The Terrifying Power of Nuclear Weaponry
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Throughout history, the idea of nuclear weapons have scared many. When you realize the scale of modern versions, nuclear warheads get even more terrifying.
Nine countries have an estimated 15,000 nuclear weapons. Two countries - the United States and Russia - keep 1,800 of those weapons on "high alert status."
Americans dropped an atomic bomb on Hiroshima in 1945, and the bomb exploded with an energy of 15 kilotons of TNT. Since the US's first Trinity test, 2,475 weapons have been detonated around the world.
They Keep Getting Bigger
The two bombs detonated over Hiroshima and Nagasaki are the only two ever detonated in history. However, building larger nuclear weapons have become a new priority.
As previously stated, Hiroshima only detonated 15 kilotons of energy. (We say "only" because Hiroshima's impact looks tiny by comparison to the following weapons.)
Nagasaki released 21 kilotons, and for much of the public, that's where our concept of nuclear impact stops.
[Image Courtesy of Charles Levy/WikiMedia Creative Commons]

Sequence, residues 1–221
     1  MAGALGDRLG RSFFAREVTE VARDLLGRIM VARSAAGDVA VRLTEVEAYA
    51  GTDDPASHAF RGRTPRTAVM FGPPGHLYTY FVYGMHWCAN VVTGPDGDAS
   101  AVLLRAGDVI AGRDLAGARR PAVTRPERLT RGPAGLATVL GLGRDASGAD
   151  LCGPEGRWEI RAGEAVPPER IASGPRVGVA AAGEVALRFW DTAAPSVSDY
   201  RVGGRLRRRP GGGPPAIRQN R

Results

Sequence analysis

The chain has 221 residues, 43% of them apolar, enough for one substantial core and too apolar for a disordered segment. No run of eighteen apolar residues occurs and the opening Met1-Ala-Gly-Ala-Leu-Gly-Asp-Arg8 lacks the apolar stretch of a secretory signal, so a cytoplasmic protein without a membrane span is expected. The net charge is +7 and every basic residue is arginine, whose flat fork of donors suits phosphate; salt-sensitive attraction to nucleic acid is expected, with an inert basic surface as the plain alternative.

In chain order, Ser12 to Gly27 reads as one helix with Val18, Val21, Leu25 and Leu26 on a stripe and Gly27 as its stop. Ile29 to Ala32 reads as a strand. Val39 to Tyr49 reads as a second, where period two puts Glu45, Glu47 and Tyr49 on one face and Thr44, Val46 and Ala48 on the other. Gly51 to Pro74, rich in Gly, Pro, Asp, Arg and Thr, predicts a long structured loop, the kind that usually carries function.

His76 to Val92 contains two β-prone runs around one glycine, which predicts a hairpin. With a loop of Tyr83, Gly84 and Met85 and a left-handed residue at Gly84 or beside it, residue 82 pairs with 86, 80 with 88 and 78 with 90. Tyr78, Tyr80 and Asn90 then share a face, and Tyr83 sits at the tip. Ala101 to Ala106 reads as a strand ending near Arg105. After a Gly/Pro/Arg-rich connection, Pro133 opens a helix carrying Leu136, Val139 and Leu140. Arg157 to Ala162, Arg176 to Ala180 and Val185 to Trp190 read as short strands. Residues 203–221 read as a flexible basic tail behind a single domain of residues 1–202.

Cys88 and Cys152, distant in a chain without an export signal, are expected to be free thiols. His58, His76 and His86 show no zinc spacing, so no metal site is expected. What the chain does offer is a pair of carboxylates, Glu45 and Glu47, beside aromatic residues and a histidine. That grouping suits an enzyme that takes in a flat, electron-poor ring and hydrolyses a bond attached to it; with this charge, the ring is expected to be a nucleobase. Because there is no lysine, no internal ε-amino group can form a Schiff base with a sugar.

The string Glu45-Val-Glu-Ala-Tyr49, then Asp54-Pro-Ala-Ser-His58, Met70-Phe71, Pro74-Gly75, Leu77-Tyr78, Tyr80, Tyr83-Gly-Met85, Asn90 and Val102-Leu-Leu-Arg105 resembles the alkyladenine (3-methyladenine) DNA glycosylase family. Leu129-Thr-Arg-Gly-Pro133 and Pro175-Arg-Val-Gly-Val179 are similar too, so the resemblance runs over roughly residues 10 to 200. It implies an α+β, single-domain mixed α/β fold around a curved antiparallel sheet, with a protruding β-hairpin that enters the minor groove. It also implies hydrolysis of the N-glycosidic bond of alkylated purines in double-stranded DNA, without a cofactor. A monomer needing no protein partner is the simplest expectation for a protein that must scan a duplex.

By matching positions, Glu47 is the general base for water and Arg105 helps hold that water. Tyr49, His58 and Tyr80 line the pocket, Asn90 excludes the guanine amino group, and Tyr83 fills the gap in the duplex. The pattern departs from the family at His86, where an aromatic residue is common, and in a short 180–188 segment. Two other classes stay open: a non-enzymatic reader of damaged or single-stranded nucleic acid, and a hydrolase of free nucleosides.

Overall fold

The largest weapon America has in her arsenal is the B83 bomb, which can release 1.2 megatons. One megaton is 1,000 kilotons. That's 80 Hiroshimas in one bomb.
And they keep getting bigger. The Castle Bravo, the largest bomb ever tested by the United States, emits a 15 megaton blast. That's the equivalent of 1,000 Hiroshima bombs.
The Soviet Union detonated the largest bomb ever with the Tzar Bomba. The detonation, which occurred in 1961, was equivalent to 3,333 Hiroshima blasts. That's 50 megatons of power. The blast nearly destroyed the plane which dropped the bomb, and shook windows as far away as Finland.
As massive as the Tsar Bomba was, it only represented a small-scale version of what could happen.
The Soviets planned a bomb with twice the power as the Tsar Bomba. It would have produced a 100 megaton blast.
Designer Alex Wellerstein created Nukemaps with which you can detonate your own theoretical bomb and see the impact. He used Google Maps to accurately scale any size bomb (both real and theoretical) and its impact on the world. For example, Nukemaps shows the Tsar Bomba would take out most of Manhattan on initial impact.
Although the idea is unpopular with many countries, dismantling nuclear weapons can be done. South Africa once possessed six nuclear weapons. However, the post-apartheid government dismantled all six in 1993. This makes South Africa the only country to have nuclear weapons and willingly get rid of them.
For more information, including more in-depth discussion about the scale of nuclear weapons, check out the video below.